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Archive for 'birds'

Women on the Move!

Our local council runs a program called Women on the Move. Each month they organize a day trip to help women get out in the great outdoors, exercise and have some fun. I took a day off writing today and joined their day trip to Tiritiri Matangi.

Tiritiri Matangi means “looking to the wind”. It’s an island sanctuary in the Hauraki Gulf, not far from Auckland. Not that long ago Tiritiri was farmed and the original forest cut down to make way for grassland. The Department of Conservation took over the island and hundreds of volunteers replanted native trees to reforest the island. All pests such as rats, cats, mice and stoats were eradicated. Once this was done some of New Zealand’s rarer birds were introduced to the pest-free sanctuary.

Before we arrived at the island by ferry we were asked to check our shoes and remove mud etc. We also had to check our bags and remove any rats or mice or other pests we found. Luckily I was all safe on that score!

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The weather has been horrid for the last couple of weeks but today it was a gorgeous morning. We walked through the bush, stopping regularly to check out the birds we saw.

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Today we saw:
Kakariki (a green parakeet)
North Island robin
Kokako (very rare)
Wood pigeon
Tui
Bellbirds
Stitchbirds
Whitehead
Saddlebacks
Takahe (thought extinct and rediscovered in 1948)
Fantails
Pukeko

They have kiwis on the island, although they’re nocturnal so we didn’t see any. They also have tuatara but the winter sun wasn’t enough to entice them out of their burrows.

It started raining just as we headed to the lighthouse for lunch. There’s a takahe called Greg. He’s 16 years old and is very bossy and cheeky. He hovered under our tables and tried to grab our sandwiches if we held them within his reach. He wandered inside the coffee shop, much to the amusement of the group of school kids and tried his luck in there before one of the ladies shooed him outside.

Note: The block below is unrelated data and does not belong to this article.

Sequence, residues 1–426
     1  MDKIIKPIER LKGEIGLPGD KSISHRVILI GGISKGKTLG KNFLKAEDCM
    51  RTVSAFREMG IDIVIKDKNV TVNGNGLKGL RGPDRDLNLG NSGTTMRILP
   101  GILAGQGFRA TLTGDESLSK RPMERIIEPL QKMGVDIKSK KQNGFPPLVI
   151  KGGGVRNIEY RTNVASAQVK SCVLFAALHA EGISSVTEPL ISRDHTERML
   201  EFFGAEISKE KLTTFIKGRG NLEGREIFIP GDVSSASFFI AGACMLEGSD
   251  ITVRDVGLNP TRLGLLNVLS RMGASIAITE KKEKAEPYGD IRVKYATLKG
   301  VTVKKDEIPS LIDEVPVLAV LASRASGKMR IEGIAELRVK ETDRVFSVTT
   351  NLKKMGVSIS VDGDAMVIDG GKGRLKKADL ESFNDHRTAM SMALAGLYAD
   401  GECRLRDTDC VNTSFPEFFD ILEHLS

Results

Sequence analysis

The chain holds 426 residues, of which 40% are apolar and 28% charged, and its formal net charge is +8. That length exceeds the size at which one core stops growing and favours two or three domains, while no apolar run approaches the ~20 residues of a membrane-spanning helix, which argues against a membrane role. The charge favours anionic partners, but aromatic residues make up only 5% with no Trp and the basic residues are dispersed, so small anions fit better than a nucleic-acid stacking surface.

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After lunch we explored a little more, checking out the birds at the feeders before we headed down to the wharf to catch the ferry back to inner Auckland. I really enjoyed my day on Tiritiri.

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This is what a normal takahe looks like. They normally graze on grass not sandwiches stolen from lunch boxes.

Inland Island: Karori Wildlife Sanctuary

During our recent trip to Wellington we visited the Karori Wildlife Sanctuary. As the name suggests, it’s a special sanctuary for some of our endangered native birds. The 225 hectare site includes two dams that used to supply the city of Wellington with water. It was decided that the dams might break during an earthquake and a decision was made to lower the dams and use the area as an inland island. The first step was to fence the area with pest free fences.

Pest free fences, Karori Sanctuary

These fences stop possums, stoats, weasels, ferrets, rats and mice from entering the sanctuary. Once the fences were installed a pest-control plan was put in place. A year later all 13 major pests in the area were fully eradicated. Thousands of native trees were planted (the area was previously all in pine) and this planting continues. The long-term vision for the project is to return the area to its original undisturbed state and this will take around 500 years.

Some of New Zealand’s endangered wildlife has been released in the pest-free area including brown teal ducks, the little spotted kiwi, giant wetas, tuatara, stitchbird, North Island saddleback, weka, North Island robin and bellbirds to name a few.

On entry to the sanctuary staff checked my bag for mice, cats, rats and other pests. Thankfully, my bag was found pest-free! I know I would have been more shocked than anyone if a mouse had jumped out. We explored some of the many paths, pausing to peer through the treetops searching for birds.

Lower dam, Karori Sanctuary

We sighted saddlebacks and bellbirds, lots of tuis and fantails as well as some kaka (NZ variety of parrot). I’d never seen kaka up close so was fascinated to see them at the feeding stations.

Kaka, Karori Sanctuary

This photo shows two kaka. They’re a green parrot and blend in quite well with the trees, although they’re easy enough to spot because they make an awful screechy noise.

I would have loved to see a tuatara but since it was overcast they were all in their burrows, but we saw native fish and green geckos along with lots of our songbirds.

They also do a nocturnal tour where you can hear the evening song before the birds go to sleep and then go out hunting for the nocturnal kiwi. Maybe we’ll do this during another time. I’d highly recommend a visit to this sanctuary, if you’re ever down this end of the world.



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